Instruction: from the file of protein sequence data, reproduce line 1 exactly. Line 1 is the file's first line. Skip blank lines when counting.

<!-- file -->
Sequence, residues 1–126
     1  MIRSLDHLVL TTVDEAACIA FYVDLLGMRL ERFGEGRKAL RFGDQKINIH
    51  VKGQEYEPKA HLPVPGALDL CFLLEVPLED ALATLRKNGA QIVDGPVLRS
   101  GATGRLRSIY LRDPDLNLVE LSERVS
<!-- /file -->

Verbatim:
Sequence, residues 1–126